"Born into a strict Christian family in Sydney at the start of the century, Annie contends with an overbearing mother and a harsh religion. Kept at home, partially deafened by illness and mistreatment, she clings to her mother and her dominating religious certainties. Yet something stirs under the starch of faith. Annie finds a friend late in life and discovers a passion for living to equal her passion for gardening. In her sixties, Annie confronts her mother.
"This is the story of one woman's struggle to lay claim to her own life. And within the seemingly narrow contours of family and church and garden, Annie discovers that it is, after all, a big life."
"a splendid, moving book" - Andrew Riemer
I rise with the sun. I place my slippers by the bed at night, alongside my dressing-gown draped over the bedroom chair. It is the delicate chair my father gave my mother in their first year of marriage. As a child I would slip into my parents' bedroom to sit on that chair. Our weights felt compatible. I would sit on that pretty chair and tell myself I was pretty too. I don't trust my weight on it now.
In the near darkness my hands and feet are sure as homing pigeons and I am slippered and gowned before I switch on the light. I sit at my dressing-table and plait my hair. Certain stretches are very difficult these days but this weaving of hair is a lifetime habit and it remains untouched by age. Deborah attends a gym and can do amazing contortions with her body. A bit like a circus act really. She put on a leotard and went through some routines for me once, for us, since I was holding Kimberley and we were the audience. Deborah had cleared a space in the middle of the living room and I perched myself in a corner, baby on my lap, both of us alert and attentive. Kimberley and I are not always so coordinated. Deborah put her body into positions I've only ever seen cats in. That thing that cats do, when they lean right back without support, stick a leg in the air then twist their heads around, all in the name of a good clean; well when cats do it, it looks graceful, but with Deborah it looked painful. The tendons in her neck were standing out and her breath was coming in sharp puffs. I was so taken aback I made some particularly asinine remark such as, Goodness aren't you a clever girl. No wonder she dislikes me at times.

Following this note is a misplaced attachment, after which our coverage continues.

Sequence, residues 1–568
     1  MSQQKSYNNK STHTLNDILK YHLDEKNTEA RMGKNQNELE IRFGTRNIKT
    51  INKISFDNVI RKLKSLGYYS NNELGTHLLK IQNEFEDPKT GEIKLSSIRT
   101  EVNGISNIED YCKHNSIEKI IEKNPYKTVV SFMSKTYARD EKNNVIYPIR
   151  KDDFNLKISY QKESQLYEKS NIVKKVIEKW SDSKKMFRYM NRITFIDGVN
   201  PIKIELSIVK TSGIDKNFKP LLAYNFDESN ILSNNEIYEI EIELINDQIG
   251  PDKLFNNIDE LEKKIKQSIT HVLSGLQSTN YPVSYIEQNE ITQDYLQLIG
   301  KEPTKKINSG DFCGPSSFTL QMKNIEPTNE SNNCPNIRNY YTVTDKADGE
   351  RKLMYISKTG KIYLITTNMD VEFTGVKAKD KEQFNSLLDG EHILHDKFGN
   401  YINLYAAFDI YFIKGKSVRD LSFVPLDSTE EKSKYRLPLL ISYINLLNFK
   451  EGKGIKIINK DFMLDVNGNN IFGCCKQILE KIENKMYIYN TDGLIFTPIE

From the Allen and Unwin paperback edition, 1995.
This novel was shortlisted for the Miles Franklin Award in 1996, and shortlisted for the Australian/Vogel award in 1994.
About the Author:
Judith Fox was born and raised in Newcastle, by the sea. After living in Europe for one year, Judith moved to Sydney where she studied Communications at the University of Technology.
She has worked as a barmaid, a film and television researcher and reviewer, a doctor's receptionist, a lecturer and now works in publishing. Bracelet Honeymyrtle is her first novel.
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Last modified: May 18, 2002.